Ayush: Someone famous, I can’t remember who, once said something like, ‘Nothing can help you -- genius will not, there are a lot of genius people sitting around not achieving, intellect will not, there are a lot of intelligent derelicts amongst us, talent will not, unrewarded talent is leads to self-disapproval. But determination and perseverance is omnipotent.’ So everyone has problems, and it’s unfortunate if there are people without resources. But let’s just do what we can do and what we can do best is to keep trying.

Thank you guys for sharing your insights! Any final thoughts?

Ashutosh: “I’ll just say it. This Olympiad has been LEGEND -- and I hope none of you are lactose intolerant because the second half of the word is -- DAIRY. LEGENDARY.

Team Inida at the IOAA Opening Ceremony, July 27, 2013

Sunday, August 4, 2013

IOAA Student Reflections on Astronomy

This is an article I wrote for the fourth newsletter of the International Olympiad of Astronomy and Astrophysics in Volos, Greece. Once the exams finished, I wanted to focus on what motivates these students and what they find fascinating about astronomy. Some of their responses were exceptionally articulate and moving and have caused me to re-examine my own appreciation and passion for astronomy.
* * * * *

We are the Universe: Student Reflections on Astronomy

​After several days of scheduling issues and weather-related delays, the participants of the IOAA2013 finally completed all four categories of examinations: theoretical, data analysis, observational and team competition. While the tests provided some challenges and required patience and perseverance from everyone involved, the motivation to do well and the love of astronomy kept the students focused. 

​“I’ve never felt that there’s any real difference between an academic olympian and an athletic one,” says Indian team member Ayush Kumar, 16. “You get the same feeling. In football, you have struck for the goal and there’s this moment where you are waiting while the ball is in the air... and there is this thrill. There is the same thrill here. [We’ve] written an exam, and [we’re] waiting for the results.”

​Every student at the IOAA is in Volos because of this shared passion for astronomy. While everyone has a different story as to how they began learning astronomy, their love of the science is shared. Some students, like Allan dos Santos Costa, 15, from Brazil, have been interested in the subject for many years.  “Since I was a kid I enjoyed astronomy,” he says. “And when I learned physics, it was kind of a revolution [for me].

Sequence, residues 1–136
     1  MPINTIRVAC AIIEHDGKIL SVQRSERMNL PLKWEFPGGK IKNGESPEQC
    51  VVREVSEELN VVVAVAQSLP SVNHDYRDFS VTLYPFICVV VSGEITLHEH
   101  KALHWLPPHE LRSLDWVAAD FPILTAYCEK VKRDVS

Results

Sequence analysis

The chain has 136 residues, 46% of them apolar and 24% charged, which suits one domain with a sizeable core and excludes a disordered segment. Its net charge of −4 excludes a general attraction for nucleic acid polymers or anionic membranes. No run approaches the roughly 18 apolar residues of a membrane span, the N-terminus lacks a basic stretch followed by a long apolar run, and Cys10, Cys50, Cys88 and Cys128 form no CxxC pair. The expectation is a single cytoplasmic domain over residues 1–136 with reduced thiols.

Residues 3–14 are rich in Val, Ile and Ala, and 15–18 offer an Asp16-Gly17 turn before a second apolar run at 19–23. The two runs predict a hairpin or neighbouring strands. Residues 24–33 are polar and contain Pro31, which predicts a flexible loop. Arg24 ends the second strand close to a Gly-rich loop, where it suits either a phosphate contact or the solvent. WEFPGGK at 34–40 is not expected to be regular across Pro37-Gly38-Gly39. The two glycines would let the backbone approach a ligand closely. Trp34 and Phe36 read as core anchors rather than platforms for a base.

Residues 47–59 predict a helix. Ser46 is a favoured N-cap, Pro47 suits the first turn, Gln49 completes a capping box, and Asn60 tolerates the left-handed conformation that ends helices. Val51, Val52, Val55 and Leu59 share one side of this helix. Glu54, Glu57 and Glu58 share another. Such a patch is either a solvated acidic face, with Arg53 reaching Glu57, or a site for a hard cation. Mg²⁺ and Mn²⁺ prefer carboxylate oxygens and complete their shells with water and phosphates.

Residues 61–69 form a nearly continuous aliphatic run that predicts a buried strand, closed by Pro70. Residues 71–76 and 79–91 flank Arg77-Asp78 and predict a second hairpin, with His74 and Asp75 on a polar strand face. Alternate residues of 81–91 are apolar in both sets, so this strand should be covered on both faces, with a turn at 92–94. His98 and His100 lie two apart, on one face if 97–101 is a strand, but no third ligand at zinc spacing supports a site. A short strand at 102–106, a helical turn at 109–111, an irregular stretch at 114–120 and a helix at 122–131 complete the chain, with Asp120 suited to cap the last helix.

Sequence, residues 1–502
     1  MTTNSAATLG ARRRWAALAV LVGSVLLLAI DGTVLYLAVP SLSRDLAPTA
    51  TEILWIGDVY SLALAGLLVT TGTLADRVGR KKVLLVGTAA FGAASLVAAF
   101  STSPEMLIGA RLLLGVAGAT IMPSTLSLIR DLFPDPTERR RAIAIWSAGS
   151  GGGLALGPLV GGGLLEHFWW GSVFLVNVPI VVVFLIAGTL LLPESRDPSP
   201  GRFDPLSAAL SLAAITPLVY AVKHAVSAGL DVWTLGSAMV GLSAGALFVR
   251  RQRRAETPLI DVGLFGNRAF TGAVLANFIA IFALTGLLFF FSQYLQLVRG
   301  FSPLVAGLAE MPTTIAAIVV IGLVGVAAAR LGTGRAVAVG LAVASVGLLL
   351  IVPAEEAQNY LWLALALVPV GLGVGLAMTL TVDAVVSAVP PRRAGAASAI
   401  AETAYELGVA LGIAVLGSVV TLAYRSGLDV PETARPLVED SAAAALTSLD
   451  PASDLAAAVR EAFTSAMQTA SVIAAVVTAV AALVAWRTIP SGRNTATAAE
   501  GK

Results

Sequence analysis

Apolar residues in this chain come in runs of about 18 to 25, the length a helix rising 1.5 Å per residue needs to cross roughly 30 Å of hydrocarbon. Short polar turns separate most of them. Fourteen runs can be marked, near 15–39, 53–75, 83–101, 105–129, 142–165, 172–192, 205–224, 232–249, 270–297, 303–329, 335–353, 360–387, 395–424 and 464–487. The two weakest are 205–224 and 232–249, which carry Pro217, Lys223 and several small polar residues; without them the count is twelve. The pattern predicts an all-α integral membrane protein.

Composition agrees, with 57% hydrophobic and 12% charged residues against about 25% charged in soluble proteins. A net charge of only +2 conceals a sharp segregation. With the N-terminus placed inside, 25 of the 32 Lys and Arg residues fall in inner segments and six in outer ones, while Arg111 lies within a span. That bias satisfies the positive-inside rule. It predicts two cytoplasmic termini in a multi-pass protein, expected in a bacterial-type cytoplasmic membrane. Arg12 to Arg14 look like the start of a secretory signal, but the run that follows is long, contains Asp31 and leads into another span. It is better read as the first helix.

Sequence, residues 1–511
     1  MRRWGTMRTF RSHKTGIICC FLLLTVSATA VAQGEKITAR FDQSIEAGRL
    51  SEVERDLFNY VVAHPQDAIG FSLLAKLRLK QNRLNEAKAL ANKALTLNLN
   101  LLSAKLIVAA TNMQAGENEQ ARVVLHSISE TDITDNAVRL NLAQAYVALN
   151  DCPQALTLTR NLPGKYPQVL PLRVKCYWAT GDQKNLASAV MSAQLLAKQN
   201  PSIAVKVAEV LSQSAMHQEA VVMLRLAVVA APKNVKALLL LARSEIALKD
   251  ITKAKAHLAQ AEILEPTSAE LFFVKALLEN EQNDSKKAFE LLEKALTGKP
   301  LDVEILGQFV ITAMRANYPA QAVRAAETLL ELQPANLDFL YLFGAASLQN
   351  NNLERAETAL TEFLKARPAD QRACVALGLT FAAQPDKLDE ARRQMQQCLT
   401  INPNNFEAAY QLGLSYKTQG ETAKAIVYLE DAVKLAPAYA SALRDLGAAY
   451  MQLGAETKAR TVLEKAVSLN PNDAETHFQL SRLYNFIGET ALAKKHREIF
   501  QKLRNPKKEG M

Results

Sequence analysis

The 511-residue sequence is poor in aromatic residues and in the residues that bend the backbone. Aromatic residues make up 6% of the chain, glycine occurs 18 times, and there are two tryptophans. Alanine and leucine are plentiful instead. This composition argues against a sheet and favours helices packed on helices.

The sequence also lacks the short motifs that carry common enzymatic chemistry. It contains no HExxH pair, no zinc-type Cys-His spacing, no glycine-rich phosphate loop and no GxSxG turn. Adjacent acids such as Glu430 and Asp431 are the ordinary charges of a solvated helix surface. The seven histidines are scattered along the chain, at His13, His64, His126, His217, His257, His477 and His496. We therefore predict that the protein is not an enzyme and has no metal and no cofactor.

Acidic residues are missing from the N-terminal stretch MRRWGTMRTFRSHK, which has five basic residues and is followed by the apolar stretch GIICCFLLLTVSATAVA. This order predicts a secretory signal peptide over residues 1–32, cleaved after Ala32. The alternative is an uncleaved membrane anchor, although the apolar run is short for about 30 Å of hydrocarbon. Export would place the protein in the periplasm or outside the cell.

​Sandesh Kalantre, 17, from India, also found astronomy as a child. He says, “When I was small, maybe seven or eight-years-old, I first saw through a telescope Saturn’s rings. That was the moment I thought that I should learn astronomy because there are so many beautiful objects in the sky, and we miss them without a telescope.”

​Meanwhile, others such as Brian Brzycki, 17, from the United States found astronomy later in life. "I didn't care about astronomy until my [second year of high school] when I tried out for my school's Science Olympiad astronomy team,” he says. “Then that whole year, I learned more and more."

​Regardless of when each student originally became interested in astronomy, the combination of scientific problem-solving and philosophical wonder of our Universe is what inspires the participants to learn astrophysics at a high level. "The best part of astronomy [for me] is that the main theme is unification," says Arindam Bhattacharya, 16, from India. "Astronomy is one of the only subjects that connects the celestial to the terrestrial.

​For Ayush, the power of astronomy lies in the unpredictable and uncontrollable facets of the science. He says, "In physics you create an experiment. You... judge the outcomes and make predictions. But in astronomy the experiment is always going on. You cannot change anything. You just have to observe whatever it is that nature provides you with."